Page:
Another novel finding of this study was the combined expression of BMAL1, CKIε, PER3, and TIM has the potential to predict bronchial asthma. Although depending solely on the expression of circadian clock genes may not be sufficient to predict asthma, they did provide a new reference for evaluating asthma.

Although we have obtained novel and clinically relevant results that could give an insight into a more profound understanding of asthma, there are limitations of this study. First, all the PB samples were obtained in the daytime and only at one time point and therefore the oscillation of circadian clocks genes may not be reflected fully. Second, we did not collect cases at different treatment times to validate whether the changes of gene expression related to the disease status of patients. In addition, this is a correlation study, although we have linked circadian clock genes to with or without control and night symptoms of patients with asthma, no mechanisms of these gene functions were investigated. Due to this study is a retrospective study, we lack detailed medication, treatment response and some data, such as fractional exhaled nitric oxide (FeNO) and allergic profile. Moreover, for the retrospective study with residual samples, we did not have samples to verify our qPCR data at the protein level using either Western blot or immunohistochemical staining.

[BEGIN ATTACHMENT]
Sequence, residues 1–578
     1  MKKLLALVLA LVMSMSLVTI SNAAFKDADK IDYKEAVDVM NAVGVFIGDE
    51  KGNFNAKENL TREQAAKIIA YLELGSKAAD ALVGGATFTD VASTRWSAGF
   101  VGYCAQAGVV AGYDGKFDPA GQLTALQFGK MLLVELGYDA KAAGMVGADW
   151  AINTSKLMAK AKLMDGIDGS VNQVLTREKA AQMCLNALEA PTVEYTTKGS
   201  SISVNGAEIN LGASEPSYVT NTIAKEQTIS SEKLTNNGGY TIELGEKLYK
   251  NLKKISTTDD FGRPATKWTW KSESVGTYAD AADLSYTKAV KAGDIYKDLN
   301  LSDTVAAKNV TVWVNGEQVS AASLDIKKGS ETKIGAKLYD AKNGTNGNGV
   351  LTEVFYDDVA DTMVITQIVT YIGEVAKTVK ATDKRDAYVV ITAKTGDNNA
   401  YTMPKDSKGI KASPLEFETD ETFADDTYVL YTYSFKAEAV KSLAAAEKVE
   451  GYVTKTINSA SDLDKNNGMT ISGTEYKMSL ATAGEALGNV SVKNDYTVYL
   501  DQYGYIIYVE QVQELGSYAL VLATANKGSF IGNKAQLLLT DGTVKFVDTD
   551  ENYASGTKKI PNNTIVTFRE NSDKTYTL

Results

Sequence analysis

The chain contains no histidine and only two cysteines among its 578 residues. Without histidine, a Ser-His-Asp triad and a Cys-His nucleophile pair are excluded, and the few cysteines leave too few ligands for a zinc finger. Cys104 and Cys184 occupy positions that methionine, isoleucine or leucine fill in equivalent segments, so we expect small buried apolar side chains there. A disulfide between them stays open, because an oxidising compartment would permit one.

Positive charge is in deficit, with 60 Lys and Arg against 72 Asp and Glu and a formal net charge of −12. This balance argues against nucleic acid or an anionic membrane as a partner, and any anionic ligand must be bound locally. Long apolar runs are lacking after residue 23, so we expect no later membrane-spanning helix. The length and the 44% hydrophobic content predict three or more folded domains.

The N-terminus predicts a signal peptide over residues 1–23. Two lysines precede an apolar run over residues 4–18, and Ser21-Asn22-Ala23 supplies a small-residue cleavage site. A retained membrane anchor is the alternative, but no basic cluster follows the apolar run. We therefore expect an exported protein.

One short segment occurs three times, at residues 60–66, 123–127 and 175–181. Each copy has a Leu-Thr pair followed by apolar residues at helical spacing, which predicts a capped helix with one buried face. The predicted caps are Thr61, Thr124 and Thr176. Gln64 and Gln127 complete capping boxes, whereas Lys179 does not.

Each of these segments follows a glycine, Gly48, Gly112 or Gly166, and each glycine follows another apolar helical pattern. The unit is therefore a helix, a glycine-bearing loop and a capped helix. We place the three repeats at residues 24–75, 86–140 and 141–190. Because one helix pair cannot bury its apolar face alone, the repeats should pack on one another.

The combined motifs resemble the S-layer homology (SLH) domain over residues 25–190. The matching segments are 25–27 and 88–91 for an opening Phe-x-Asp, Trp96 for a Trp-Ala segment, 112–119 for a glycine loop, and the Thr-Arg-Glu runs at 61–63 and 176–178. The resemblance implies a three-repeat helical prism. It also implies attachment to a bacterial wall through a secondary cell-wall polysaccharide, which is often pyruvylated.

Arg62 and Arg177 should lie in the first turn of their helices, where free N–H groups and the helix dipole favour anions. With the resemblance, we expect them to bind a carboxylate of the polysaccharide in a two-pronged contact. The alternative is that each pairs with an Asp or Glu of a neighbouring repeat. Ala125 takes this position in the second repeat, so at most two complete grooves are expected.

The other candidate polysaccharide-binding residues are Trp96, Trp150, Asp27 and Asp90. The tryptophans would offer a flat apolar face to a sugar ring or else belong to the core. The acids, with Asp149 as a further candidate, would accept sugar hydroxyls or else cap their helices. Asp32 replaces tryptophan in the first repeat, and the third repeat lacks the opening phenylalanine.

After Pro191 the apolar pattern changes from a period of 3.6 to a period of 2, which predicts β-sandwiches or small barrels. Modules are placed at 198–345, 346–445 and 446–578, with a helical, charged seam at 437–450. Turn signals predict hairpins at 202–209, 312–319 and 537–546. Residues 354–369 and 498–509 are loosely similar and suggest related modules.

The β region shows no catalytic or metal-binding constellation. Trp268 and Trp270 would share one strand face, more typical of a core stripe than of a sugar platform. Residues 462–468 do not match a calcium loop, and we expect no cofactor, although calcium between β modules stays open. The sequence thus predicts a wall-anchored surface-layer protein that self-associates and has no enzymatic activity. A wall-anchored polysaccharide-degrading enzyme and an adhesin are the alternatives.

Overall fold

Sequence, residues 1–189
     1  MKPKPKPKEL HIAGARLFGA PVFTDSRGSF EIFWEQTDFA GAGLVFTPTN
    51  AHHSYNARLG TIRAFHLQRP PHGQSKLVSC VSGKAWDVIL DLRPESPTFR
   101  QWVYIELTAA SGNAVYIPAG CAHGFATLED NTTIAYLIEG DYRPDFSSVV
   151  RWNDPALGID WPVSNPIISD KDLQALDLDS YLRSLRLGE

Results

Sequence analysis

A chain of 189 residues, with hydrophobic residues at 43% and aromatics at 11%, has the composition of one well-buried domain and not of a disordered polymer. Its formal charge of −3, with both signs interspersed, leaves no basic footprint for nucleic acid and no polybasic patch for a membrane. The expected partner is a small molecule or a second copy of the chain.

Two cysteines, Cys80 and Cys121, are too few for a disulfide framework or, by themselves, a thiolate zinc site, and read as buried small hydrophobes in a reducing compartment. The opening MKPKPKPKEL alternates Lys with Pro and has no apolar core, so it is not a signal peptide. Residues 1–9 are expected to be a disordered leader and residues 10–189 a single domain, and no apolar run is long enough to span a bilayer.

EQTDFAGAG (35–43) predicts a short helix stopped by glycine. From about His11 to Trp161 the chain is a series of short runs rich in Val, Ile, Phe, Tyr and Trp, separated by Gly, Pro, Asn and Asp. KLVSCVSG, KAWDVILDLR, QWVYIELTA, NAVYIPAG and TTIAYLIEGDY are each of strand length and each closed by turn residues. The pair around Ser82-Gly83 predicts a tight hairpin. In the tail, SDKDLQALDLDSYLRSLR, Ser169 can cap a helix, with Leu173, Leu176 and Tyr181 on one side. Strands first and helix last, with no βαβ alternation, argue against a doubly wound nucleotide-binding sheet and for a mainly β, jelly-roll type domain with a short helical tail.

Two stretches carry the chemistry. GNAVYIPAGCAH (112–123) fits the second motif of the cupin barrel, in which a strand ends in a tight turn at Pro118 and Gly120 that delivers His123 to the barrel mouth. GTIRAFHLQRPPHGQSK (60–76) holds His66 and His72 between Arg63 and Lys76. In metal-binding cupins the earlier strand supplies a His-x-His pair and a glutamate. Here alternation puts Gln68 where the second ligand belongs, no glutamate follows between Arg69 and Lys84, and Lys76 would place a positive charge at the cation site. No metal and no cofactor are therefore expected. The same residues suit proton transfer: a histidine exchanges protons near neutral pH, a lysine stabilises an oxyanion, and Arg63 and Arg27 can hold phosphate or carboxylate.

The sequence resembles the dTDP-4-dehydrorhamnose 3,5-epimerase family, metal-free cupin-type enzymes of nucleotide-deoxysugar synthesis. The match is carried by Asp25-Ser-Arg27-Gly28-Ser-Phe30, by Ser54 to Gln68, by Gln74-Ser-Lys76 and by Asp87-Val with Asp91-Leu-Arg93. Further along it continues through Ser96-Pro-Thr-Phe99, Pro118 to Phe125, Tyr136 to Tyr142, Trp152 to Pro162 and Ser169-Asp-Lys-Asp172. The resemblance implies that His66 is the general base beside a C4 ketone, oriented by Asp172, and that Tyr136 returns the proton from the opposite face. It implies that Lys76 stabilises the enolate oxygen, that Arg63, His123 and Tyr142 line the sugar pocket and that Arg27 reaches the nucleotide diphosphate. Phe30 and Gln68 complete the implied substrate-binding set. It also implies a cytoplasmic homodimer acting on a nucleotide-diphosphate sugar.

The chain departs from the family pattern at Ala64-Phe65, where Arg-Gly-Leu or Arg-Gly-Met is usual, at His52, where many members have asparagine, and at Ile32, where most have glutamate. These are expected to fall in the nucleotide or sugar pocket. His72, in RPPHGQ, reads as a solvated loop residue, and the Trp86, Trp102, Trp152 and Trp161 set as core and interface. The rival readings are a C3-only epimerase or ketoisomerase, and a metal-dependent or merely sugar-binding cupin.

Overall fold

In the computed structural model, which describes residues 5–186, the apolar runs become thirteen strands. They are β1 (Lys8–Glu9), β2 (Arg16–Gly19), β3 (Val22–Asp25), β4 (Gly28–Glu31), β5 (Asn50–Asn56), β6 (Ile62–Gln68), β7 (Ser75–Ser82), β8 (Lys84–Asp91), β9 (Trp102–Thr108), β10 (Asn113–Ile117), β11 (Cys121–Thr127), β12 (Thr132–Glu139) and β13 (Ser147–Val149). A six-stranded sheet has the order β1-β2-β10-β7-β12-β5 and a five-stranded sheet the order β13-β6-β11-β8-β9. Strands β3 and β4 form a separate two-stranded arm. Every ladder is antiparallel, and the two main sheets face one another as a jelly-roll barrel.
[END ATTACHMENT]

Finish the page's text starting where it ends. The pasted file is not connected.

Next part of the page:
Conclusion

This is the first study that directly links circadian clock genes to human asthma. We demonstrated expression levels of the nine core circadian clock genes were altered in patients with bronchial asthma. We also discovered PER3 could be a new reference for evaluating the asthmatics patients with nocturnal symptoms and the combined expression of BMAL1, CKIε, PER3, and TIM has the potential to be a predictor for asthma. Our results may not be sufficient for clinical diagnosis of asthma presently, but they did provide new directions for future studies. Investigating the mechanisms of downregulated circadian clock genes in asthma and the molecular causal effects of circadian clock genes and asthma will also let us take a step forward to reveal the mysterious roles circadian clock genes play in asthma.

Acknowledgments

This study was funded by grants from the CGMH (Grant number: CMRPG8J0191). The authors thank the Biostatistics Center, K-CGMH for statistics work.

Disclosure

The authors report no conflicts of interest in this work.